The Dark Side of Hopkinsville
Trim size: 139.700mm x 215.900mm
Pub Date: 04/01/2004
List Price: $23.95
The Dark Side of Hopkinsville
Preserving an engaging, little-known slice of American life, The Dark Side of Hopkinsville is a collection of ten picaresque tales bearing witness to a black child's life in a southern town at the turn of the century.
Born and reared in Hopkinsville, Kentucky, Ted Poston (1906-1974) became the first black career-long reporter for a major metropolitan daily (the New York Post) and served as a member of Franklin D. Roosevelt's "Negro Cabinet" in Washington in 1940. After thirty-five years at the Post, Poston was without question the "Dean of Black Journalists."
Acquainted with the major figures of the Harlem Renaissance, Poston regaled his associates with tales of his childhood. These memories resulted in the stories collected in The Dark Side of Hopkinsville. Told from the vantage point of "Ted," a bright, high-spirited student at Booker T. Washington Colored Grammar School, the stories focus on a coterie of imaginative children, their entertainments and games, ties to the church, and relations with immediate and extended families.
The memorable, recurring characters in the stories are based on individuals Poston knew: Cousin Blind Mary, a fortune teller who can see into someone's future only after consulting with the servants of the family in question; Ted's father, Ephraim, "the only Negro Democrat in our Hopkinsville, Kentucky, or in the whole state of Kentucky for that matter"; Fertilizer Ferguson, whom Ted credits with coining the phrase "eating higher up on the hog"; and Ted's schoolmate Knee Baby Watkins, the "catalytic agent who precipitated the most disasterous social feud in the history of Hopkinsville." Though the presence of prejudice-both within and outside the race-is acknowledged throughout the stories, that social reality does not lessen the characters' exuberant enjoyment of being young. After watching Bronco Billy and his black sidekick, Pistol Pete, at the nickel movie on Saturdays, Ted and his friends make Pistol Pete the hero and Bronco Billy the sidekick of their games in "The Werewolf of Woolworth's." In "The Revolt of the Evil Fairies," Ted uses Palmer's Skin Success ("guaranteed to give you a light complexion in just seven days") so that he can play Prince Charming opposite his fair-skinned sweetheart in the school play.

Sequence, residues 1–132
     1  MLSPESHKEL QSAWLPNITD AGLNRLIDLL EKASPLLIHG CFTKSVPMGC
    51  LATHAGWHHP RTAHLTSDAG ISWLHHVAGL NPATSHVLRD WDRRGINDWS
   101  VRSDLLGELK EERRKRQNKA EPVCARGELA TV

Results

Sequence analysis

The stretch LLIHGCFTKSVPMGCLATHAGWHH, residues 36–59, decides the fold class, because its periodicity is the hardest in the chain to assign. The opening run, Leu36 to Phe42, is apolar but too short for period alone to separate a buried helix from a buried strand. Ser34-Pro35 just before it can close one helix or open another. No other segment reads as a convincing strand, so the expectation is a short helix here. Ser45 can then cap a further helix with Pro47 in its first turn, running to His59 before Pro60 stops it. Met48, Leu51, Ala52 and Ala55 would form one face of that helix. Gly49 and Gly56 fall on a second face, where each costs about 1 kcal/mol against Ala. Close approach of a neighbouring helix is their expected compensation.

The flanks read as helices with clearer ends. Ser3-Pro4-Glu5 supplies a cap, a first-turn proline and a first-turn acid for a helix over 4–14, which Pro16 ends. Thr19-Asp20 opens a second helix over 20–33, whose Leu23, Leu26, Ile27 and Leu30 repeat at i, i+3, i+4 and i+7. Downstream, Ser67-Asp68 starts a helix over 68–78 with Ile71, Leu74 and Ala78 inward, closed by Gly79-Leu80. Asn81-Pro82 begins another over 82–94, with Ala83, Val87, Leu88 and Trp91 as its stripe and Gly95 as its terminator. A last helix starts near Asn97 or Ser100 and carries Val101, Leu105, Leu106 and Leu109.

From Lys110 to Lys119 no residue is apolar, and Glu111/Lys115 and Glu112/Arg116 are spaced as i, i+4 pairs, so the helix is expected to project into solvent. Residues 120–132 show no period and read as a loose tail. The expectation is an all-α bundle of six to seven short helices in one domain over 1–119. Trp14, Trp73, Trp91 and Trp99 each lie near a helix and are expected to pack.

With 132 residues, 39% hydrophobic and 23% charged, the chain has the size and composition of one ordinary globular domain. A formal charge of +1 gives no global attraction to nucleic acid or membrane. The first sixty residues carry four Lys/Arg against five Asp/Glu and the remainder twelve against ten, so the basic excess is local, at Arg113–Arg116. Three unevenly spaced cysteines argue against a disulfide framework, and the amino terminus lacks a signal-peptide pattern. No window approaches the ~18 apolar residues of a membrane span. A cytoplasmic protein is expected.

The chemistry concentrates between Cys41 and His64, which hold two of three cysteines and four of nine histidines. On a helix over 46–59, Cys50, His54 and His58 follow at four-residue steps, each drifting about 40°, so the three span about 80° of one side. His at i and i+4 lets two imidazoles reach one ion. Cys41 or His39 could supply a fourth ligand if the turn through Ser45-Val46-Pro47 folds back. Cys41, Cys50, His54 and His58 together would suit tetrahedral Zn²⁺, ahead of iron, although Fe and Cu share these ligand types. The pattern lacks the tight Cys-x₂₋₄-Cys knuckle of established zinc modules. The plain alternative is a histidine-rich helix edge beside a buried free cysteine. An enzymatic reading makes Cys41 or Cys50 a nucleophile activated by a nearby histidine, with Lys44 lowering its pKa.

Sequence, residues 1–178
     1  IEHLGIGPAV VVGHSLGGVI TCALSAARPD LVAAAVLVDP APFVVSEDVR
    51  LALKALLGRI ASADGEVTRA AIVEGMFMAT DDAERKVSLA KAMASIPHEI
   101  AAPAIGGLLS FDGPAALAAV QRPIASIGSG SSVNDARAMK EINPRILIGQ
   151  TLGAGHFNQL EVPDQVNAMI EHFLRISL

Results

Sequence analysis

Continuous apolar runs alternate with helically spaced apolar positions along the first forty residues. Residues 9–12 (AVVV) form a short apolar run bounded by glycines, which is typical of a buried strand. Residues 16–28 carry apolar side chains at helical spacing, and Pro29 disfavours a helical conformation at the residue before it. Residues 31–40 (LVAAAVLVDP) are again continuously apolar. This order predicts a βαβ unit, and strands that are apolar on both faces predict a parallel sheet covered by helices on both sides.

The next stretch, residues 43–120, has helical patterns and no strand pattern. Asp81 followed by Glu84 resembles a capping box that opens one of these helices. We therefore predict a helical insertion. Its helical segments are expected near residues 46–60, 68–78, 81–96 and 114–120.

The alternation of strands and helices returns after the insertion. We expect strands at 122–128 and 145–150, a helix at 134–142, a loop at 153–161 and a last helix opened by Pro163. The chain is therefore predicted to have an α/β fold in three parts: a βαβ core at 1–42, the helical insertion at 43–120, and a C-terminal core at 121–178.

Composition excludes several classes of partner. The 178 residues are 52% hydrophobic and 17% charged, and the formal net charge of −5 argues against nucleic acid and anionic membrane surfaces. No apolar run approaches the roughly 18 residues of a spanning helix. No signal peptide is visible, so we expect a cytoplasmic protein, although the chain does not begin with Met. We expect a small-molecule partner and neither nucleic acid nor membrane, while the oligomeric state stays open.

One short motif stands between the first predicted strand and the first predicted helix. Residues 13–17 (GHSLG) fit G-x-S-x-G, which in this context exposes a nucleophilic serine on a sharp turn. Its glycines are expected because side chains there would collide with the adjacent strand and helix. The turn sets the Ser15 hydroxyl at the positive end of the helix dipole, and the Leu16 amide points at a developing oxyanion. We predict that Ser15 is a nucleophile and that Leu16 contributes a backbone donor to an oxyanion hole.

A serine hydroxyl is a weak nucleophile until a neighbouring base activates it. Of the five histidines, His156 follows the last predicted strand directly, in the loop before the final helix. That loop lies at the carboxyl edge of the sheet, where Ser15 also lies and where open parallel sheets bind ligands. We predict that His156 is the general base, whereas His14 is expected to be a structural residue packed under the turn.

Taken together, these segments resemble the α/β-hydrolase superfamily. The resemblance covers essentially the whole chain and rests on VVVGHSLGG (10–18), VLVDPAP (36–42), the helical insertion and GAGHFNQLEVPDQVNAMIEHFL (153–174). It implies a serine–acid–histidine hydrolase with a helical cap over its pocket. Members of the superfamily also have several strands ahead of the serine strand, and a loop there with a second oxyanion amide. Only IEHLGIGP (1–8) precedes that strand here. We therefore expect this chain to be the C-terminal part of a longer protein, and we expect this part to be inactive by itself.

Kathleen A. Hauke has annotated the stories with recollections of the author's family and friends, who are often major characters in the stories. An extended biographical and critical introduction offers background information on the life and work of Ted Poston, and on old Hopkinsville and its residents.
Poston, a well-known black journalist who died in 1974, has been well served by editor Hauke, who came upon these ten sketches of black children growing up in a southern town at the turn of the century, then edited and annotated them for publication and wrote a useful introduction.